That hasn’t even been the nadir of her toxicity this week, as DeVos has decided to move against standards protecting campus sexual assault victims. This is a bit tricky to unpack, especially with the narratives claiming that DeVos’s move constitutes a “rollback” of “Title IX protections.” Title IX does not actually offer any codified protections for campus sexual assault victims – it’s a law that prohibits gender discrimination on the basis of sex at educational institutions. Via a letter of guidance from an Obama political appointee, this regulation was bent towards instructing universities to adopt investigative and adjudicative practices regarding campus sexual assaults and rape that would favor the victim over the accused. With this in mind, what DeVos has done is to issue a new such letter, one that shifts the balance yet again.
This is a more difficult issue than many will portray it as; the Obama-era mandate definitely undermined due process for the accused to the point of skirting Title IX breaches itself in the other direction – discrimination against accused men on the basis of their sex. It also, however, took steps that highlighted the extreme difficulty of securing justice for victims of rape and sexual assault on campus. These difficulties emerged not only through the pragmatic challenges of forcing victims to face their aggressors, but also through ingrained social and sometimes institutional attitudes skewed against those who would speak up and “cause a stir.” Some are entrenched to the point of mania – consider Brock Turner, softballed by a judge who feared the “severe impact” that rape accusations might have on a would-be Olympic swimmer and felon.
DeVos might have a point… were it not for the fact that she ignores statistics in favor of anecdotes and glosses over the experiences of victims in her advocacy for “due process” at the standards of the US criminal justice system for campus disciplinary matters. Title IX has nothing to do with the criminal charges to be filed against accusers; instead, it has to do with how universities will respond in disciplinary fashion to those accused of sexual misconduct. There should, in fact, be a lower standard for process; a faster process to ensure that accused and accuser are both given timely justice; and an understanding that rape and sexual assault are not “both sides” issues.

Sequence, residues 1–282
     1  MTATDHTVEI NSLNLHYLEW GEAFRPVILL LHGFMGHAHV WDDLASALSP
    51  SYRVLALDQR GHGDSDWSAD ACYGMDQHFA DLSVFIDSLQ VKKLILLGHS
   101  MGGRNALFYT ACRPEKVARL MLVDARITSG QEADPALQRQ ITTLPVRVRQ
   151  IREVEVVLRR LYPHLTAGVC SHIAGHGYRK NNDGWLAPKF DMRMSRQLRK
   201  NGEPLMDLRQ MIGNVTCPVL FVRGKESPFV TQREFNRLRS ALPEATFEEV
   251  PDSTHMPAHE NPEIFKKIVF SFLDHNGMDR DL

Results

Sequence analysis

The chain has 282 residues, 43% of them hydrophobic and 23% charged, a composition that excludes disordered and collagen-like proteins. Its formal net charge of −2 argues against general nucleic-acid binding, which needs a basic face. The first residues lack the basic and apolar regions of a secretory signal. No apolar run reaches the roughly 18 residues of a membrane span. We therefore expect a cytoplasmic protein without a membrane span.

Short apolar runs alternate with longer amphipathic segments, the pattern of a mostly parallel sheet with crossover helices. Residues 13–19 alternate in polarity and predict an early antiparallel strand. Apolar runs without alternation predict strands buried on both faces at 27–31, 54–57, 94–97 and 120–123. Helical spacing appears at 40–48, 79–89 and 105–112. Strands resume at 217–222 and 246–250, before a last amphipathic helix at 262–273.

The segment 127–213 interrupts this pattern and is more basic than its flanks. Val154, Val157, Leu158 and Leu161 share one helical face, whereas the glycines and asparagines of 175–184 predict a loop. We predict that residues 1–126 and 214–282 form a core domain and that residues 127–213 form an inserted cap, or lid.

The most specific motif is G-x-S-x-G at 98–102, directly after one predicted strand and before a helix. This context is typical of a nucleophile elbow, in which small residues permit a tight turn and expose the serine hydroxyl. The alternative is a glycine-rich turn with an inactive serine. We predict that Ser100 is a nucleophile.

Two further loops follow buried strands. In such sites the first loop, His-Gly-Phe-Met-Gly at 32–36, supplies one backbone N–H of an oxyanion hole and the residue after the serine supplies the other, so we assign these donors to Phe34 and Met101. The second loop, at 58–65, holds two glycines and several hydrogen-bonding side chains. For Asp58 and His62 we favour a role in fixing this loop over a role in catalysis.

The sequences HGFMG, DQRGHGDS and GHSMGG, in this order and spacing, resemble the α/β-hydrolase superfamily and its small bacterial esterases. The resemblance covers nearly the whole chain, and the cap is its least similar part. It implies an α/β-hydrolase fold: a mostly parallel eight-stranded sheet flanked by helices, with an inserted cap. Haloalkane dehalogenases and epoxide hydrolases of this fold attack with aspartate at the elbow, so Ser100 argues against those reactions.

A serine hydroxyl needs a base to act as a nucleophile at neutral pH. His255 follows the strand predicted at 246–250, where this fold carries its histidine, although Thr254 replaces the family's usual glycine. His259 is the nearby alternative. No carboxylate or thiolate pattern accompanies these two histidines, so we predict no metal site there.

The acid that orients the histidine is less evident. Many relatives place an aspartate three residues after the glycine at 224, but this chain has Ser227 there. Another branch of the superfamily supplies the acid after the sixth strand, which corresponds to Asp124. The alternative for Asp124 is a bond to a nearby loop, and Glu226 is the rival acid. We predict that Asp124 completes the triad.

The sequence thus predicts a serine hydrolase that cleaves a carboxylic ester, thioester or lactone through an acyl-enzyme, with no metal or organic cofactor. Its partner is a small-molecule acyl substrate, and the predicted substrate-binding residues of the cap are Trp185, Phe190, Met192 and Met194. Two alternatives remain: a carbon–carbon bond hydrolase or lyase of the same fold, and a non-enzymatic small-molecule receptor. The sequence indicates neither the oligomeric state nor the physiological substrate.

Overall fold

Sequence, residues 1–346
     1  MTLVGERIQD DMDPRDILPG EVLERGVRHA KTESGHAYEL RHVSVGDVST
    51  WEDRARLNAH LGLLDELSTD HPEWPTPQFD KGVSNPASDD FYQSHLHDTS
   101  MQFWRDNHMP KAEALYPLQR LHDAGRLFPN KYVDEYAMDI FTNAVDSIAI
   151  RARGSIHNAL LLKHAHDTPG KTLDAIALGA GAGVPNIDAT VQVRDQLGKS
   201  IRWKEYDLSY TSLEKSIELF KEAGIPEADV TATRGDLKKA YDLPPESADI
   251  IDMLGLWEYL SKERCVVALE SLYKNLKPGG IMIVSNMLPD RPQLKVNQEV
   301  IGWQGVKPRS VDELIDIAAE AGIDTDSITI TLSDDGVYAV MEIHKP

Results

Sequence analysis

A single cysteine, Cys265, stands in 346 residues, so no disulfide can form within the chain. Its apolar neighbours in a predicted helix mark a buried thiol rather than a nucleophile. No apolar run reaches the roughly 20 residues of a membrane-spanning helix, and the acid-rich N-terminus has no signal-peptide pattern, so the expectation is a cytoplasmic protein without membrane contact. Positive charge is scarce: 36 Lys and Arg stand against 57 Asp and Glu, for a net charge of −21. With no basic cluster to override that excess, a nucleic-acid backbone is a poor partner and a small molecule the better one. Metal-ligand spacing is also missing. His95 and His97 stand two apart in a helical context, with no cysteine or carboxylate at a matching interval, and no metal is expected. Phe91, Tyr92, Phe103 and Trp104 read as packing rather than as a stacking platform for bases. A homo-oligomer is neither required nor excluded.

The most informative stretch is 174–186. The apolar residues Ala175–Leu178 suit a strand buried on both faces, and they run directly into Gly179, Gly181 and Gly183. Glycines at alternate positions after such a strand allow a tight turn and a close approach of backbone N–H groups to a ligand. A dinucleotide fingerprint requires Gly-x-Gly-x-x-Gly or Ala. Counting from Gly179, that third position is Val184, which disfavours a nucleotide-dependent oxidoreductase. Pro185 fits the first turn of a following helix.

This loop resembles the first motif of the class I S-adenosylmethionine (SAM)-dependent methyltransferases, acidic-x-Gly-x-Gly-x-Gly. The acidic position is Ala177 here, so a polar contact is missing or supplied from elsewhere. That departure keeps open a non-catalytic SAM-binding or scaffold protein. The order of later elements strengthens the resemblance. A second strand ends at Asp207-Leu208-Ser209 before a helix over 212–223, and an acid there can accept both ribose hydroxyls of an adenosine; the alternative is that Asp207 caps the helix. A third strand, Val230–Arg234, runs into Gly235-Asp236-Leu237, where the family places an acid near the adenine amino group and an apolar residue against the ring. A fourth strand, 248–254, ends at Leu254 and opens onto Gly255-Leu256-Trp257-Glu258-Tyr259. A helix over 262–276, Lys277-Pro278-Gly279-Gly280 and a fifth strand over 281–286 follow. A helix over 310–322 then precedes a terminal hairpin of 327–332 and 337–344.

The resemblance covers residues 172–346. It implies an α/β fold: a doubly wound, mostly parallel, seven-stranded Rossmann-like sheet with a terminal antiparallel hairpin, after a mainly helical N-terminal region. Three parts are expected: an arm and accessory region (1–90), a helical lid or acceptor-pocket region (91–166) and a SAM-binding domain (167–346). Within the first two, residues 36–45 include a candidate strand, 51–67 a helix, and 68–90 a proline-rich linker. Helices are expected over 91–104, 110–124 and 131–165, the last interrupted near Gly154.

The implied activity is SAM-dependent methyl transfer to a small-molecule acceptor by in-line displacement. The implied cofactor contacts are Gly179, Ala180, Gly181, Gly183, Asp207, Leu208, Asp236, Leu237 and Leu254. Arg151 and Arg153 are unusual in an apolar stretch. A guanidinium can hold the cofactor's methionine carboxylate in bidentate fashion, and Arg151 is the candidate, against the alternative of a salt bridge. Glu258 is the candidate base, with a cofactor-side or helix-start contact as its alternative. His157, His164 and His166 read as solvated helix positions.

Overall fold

While Title IX has no force of law to direct sexual assault investigations, the recommendations provided on how campuses should interpret it have brought real change in terms of independent investigation. We can only hope that institutions recognize the positive difference that these recommendations have made in the lives of many victims, and encourage them to recognize that DeVos’s new directives similarly have no force of law. The current standards are still far from where they should be, but DeVos would sacrifice a few victims in the name of saving the innocent accused; while conditions for the latter are certainly not as fair as they could be, conditions for the former have never been fair in the history of American jurisprudence.
Pruitt, Sessions, and DeVos have each managed to take strong steps toward undermining the departments and agencies they serve; however, let us not forget that each of them does so at the behest of Trump, who is making use of Pruitt as a sockpuppet to advocate for polluters, Sessions as an arm’s length mouthpiece for racist policy moves, and DeVos as the reasonable face of a “both sides” argument about sexual assault that he could never credibly make himself. Deliberate ignorance, willful discrimination, and defense of sexual misconduct – these are all facets of the man in the Oval Office.